The advertising industry can be a very creative place and in Africa the  advertising industry is currently growing at an estimated 20% per annum.

French company Instinct’s Socially Intelligent Marketing programme aims to combine this growing advertising market in Ghana with providing a solution to the school transport problem.

Instinct has launched “TriKademiK”.

In effect this is a mobile advertising platform that combines a billboard with a tricycle that can carry up to 6 children to school. When not in use on the school-run the tricycle can be converted to transport other goods for the local community.

The initial pilot versions of TriKademiK were sponsored by mobile phone company Zain Ghana and drinks company Voltic (part of the SAB Miller group of companies).

Instinct’s aim is to roll out the programme to over 1,000 tricycles which can transport 7,000 children to school on a daily basis.

All in all an impressive and creative use of an advertising platform for a very good cause.

How much would you charge for an hour of your time? £900,000 would probably be ok as long as lunch was included….

Published on: 14 Jun 2010

It’s tough to qualify as an accountant. The exams are difficult and it’s hard work. The rewards, both financial and non financial however, can justify all of this hard work.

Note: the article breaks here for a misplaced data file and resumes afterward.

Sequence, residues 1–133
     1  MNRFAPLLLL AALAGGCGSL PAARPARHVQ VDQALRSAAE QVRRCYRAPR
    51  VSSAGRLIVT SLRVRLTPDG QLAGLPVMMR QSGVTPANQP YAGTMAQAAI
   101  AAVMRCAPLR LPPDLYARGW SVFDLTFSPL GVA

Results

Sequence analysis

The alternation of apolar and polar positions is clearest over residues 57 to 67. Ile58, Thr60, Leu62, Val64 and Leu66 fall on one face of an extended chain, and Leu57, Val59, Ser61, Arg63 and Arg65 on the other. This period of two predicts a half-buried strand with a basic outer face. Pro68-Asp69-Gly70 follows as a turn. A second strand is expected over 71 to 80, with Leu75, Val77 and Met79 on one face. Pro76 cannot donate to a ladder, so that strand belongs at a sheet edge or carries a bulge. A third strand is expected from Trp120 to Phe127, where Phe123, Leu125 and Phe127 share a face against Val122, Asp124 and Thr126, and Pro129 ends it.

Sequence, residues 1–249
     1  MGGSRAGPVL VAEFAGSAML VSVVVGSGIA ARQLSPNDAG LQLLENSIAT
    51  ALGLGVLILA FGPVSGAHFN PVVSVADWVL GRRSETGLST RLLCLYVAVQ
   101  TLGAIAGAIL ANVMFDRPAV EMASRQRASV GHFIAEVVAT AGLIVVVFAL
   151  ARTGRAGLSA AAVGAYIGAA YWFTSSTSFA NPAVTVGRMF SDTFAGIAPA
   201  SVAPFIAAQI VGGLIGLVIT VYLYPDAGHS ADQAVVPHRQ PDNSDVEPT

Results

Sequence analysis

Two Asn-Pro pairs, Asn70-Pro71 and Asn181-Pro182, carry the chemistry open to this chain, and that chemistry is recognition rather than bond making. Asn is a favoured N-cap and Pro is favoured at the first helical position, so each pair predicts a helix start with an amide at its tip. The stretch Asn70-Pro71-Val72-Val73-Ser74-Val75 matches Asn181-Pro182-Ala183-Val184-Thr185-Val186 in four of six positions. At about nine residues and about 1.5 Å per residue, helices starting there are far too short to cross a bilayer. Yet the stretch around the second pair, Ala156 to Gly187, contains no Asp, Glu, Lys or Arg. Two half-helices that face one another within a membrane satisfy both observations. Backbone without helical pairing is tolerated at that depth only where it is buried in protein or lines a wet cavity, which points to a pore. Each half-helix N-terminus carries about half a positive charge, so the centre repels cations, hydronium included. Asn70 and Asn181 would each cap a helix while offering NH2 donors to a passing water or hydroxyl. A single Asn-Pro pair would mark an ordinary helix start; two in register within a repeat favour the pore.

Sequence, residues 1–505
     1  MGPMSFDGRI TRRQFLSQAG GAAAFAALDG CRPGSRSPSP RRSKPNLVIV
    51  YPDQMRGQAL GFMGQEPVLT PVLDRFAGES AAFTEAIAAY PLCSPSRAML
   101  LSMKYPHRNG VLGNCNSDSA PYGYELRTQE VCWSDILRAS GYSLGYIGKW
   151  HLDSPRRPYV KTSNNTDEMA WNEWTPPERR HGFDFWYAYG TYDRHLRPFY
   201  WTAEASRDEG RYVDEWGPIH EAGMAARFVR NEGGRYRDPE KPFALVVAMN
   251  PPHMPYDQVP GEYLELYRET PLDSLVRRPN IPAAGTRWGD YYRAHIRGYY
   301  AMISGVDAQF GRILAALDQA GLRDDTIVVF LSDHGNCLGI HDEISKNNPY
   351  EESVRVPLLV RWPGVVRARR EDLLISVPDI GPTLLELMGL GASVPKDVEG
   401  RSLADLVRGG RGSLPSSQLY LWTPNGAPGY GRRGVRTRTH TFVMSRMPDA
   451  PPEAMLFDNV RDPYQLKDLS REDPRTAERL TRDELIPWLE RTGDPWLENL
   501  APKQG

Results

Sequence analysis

If you work for a firm of accountants then the fee income of the company is largely based on the hourly charge out rates of the employees. I’ve got a feeling though that no matter what your position is within your company you won’t be able to command a charge out rate of £900,000 per hour!

On Friday however a mystery individual paid $2.6 million (approximately £1.8m) for lunch with Warren Buffett, the 79 year old billionaire head of investment giant Berkshire Hathaway and world’s 3rd richest man.

Arguably the most famous and respected investor in the world, Mr. Buffett auctioned his time in aid of the Glide Foundation, a San Francisco charity . Assuming a 2 hour lunch the winning bid of £1.8m results in an impressive hourly equivalent of £900,000.

The winning bidder can take seven of his or her friends along to the New York steakhouse, Smith & Wollensky and are free to ask anything although Mr. Buffett will not be disclosing what he is buying or selling.